The 32 piano sonatas that Beethoven composed between 1799 and 1824, including some of his most recognized works like the “Moonlight” and “Appassionata” sonatas, are often considered among the German composer’s finest and most personal musical achievements.
But according to Miyoko Nakaya Lotto, a veteran piano teacher at New York University and the Manhattan School of Music, there’s a problem with a lot of the Beethoven music we hear today.
“Beethoven music has always been presented to us in this powerful and challenging sort of way,” says Lotto, 60. “So what we often get is a reflection of the pianists’ egos, not the intentions of the composer.”
The 32 sonatas, comprising some 11 hours of music in all, have been recorded in their entirety by some of the genre’s finest players, including Artur Schnabel and Claudio Arrau. But it wasn’t until Lotto heard the Beethoven master classes of Argentina-born Israeli conductor-pianist Daniel Barenboim, musical director of the Chicago Symphony Orchestra and the Deutsche Staatsoper in Berlin, that she was convinced of a more definitive performance.
In fact, Lotto was so inspired by the 61-year-old maestro that she enlisted her friend Margaret Smilow, a well-known documentary producer, to help spearhead the production of a grandiose PBS documentary based on Barenboim’s master classes of Beethoven’s piano sonatas.
“The Barenboim Project,” which will be directed next year by Academy Award-winning documentary filmmaker Allan Miller (“From Mao to Mozart,” “The Bolero”) and Andy Sommers, is a 50-hour documentary series divided into two parts; one highlighting the maestro’s master classes of Beethoven’s 32 piano sonatas to be held at the University of Chicago in April 2005, and the other, his recitals of these sonatas at the Berlin Staatsoper this June. In addition, Lotto learned only last week, PBS now also plans to make an interactive DVD of “The Barenboim Project.”
Although Barenboim has twice recorded the entire cycle of Beethoven’s piano sonatas (the first time when he was 27), the public’s interest in Lotto’s newest edition is still growing: Apart from securing a deal with PBS in the United States, she’s also received offers from the BBC, Arte France and NHK to air portions of the program.
Not everyone, though, is so enthusiastic. “Some people ask me: ‘Why Barenboim’s Beethoven? He doesn’t have any personality,’ and I tell them that’s precisely the point,” says Lotto, who was recently in Tokyo to promote the documentary project.
“Barenboim’s Beethoven is totally stripped and unadorned. He’s doing it to do justice to the music, not his name.”
More importantly, “The Barenboim Project” sets out to accomplish on TV what Lotto has been striving to do for years onstage and in her classes: to eradicate the elitist image of classical music and replace it with the joy of simply communicating music to a more universal crowd.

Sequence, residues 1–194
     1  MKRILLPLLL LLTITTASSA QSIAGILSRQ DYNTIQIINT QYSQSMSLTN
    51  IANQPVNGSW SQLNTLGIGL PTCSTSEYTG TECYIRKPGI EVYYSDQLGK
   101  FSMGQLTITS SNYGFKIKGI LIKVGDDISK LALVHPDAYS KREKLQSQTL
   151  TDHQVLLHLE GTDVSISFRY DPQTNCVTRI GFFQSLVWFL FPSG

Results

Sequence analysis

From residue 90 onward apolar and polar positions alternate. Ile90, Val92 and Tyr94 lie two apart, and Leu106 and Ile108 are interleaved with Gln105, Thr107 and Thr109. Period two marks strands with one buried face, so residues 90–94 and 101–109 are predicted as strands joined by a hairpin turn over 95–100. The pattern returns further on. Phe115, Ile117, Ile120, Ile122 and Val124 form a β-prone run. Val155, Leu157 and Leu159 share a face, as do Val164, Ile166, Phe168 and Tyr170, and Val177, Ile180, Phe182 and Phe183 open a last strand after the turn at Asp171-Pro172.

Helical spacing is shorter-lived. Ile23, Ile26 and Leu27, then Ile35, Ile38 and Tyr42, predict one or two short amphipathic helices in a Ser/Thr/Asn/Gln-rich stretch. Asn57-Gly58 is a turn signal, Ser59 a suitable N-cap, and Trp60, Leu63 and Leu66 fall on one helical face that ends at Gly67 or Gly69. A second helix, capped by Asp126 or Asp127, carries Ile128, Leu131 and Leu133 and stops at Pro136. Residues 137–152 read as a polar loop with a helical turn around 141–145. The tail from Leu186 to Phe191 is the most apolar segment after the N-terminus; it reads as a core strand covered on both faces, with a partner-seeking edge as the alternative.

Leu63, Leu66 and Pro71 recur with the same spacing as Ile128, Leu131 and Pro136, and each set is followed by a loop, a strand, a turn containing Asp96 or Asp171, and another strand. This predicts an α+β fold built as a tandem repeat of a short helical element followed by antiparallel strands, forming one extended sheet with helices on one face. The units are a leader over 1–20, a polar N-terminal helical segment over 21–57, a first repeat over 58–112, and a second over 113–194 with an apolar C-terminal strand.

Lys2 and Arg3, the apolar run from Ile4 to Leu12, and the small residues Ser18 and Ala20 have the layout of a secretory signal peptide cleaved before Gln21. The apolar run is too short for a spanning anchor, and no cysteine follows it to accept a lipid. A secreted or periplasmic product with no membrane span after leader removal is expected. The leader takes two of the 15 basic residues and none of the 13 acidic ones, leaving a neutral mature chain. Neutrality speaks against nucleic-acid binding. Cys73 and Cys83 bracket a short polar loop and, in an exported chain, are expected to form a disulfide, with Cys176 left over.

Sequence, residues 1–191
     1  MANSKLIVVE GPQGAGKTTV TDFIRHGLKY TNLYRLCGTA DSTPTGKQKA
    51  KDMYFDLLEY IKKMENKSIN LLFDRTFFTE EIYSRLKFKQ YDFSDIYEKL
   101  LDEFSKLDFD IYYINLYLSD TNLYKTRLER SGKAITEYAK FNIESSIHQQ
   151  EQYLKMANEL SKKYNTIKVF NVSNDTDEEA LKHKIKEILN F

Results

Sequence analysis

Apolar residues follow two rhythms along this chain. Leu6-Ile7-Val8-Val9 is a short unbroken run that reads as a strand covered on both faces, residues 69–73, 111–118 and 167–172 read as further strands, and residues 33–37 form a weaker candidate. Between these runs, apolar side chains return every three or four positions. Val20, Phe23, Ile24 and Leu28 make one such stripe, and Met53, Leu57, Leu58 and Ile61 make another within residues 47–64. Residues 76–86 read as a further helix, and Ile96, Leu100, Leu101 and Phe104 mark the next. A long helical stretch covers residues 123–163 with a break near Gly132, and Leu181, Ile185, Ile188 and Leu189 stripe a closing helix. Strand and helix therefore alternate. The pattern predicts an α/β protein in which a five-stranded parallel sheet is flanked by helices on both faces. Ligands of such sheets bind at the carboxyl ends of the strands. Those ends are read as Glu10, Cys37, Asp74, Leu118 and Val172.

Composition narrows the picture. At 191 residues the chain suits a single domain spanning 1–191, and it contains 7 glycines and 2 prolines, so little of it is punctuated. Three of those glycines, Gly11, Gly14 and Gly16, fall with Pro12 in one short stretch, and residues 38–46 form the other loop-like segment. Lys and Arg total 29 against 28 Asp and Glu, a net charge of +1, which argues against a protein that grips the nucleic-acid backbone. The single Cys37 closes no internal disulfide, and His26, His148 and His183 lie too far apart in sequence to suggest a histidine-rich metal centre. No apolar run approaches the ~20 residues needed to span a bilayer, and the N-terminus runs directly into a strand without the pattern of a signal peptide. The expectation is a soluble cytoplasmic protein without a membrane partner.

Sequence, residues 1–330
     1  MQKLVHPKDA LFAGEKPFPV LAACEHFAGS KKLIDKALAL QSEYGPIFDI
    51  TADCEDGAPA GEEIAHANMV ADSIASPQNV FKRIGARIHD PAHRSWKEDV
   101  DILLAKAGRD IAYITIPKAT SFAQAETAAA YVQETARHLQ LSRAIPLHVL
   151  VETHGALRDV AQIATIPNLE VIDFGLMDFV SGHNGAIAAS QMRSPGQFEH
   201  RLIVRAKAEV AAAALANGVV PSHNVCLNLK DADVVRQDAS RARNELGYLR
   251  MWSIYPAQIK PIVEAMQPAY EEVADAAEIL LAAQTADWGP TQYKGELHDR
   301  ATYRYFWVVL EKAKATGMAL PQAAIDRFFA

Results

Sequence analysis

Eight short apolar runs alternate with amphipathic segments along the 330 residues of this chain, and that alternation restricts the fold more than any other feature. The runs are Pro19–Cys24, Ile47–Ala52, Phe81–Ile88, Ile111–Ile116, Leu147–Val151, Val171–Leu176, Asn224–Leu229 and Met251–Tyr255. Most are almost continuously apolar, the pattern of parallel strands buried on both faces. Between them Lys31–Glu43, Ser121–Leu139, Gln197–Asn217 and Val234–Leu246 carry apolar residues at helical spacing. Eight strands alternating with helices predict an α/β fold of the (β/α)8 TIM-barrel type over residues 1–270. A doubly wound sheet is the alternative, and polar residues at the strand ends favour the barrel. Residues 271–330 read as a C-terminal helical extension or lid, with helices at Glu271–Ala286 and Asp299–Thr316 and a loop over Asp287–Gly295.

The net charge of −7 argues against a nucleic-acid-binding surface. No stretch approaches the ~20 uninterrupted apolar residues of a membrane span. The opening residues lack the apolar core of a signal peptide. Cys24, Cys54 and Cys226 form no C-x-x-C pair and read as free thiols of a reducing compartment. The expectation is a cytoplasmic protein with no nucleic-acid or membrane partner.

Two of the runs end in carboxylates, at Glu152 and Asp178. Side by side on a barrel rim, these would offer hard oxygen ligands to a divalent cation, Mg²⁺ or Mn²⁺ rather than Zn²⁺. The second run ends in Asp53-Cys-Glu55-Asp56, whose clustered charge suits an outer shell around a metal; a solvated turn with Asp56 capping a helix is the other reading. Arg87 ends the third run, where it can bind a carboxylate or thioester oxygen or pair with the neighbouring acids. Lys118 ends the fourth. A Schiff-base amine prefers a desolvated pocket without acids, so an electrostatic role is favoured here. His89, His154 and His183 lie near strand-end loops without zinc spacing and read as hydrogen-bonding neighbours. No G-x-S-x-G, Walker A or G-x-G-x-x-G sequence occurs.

She believes that Barenbiom, who is fluent in eight languages, is not just the perfect communicator for this part, but with his wealth of recordings for EMI and Teldec — spanning symphonies, operas, ballets and his crossovers into tango and jazz — the perfect teacher as well.
Lotto’s own musical education was steeped in the rigid classical tradition. Born in Hokkaido in 1944, she began her training at age 3, and enrolled in the Preparatory Division of the Toho School of Music at age 5. At age 17 , she placed third in the prestigious Mainichi-NHK Music Competition and toured Japan. A year later, she went abroad to study at the Julliard School, where she met her husband Albert Lotto, an American pianist of Russian, Polish and Jewish descent. Then, after graduating in 1971, Lotto remained at her alma mater as an assistant teacher to Sascha Gorodnitzki until his death in 1986.
Lotto’s desire to teach was nurtured from an early age. She was 7 when a friend of her mother asked her what she wanted to be when she grew up. “I had a hysterical and outrageously bad-tempered teacher at the time,” she recalls. “So I told them I was going to be a kind piano teacher.”
Though kindness alone would hardly engender immortal music in post-9/11 New York, where Lotto still lives, as she’s learned from the example of Daniel Barenboim, neither does complacency.
In 2001, the conductor stirred a media debate in Jerusalem by conducting a piece by Richard Wagner — a known anti-Semite and Hitler’s favorite composer — for his encore at the annual Israel Festival in 2001. The following year, despite warnings from Israeli troops, he traveled to Ramallah in the West Bank to play for a group of Palestinian high-school students to promote greater Israeli-Palestinian understanding.
“He’s just one light towards hope and to try and understand the other side,” says Lotto, who adds with a smile: “It’s like the world is finally catching up to the artistry of this man.”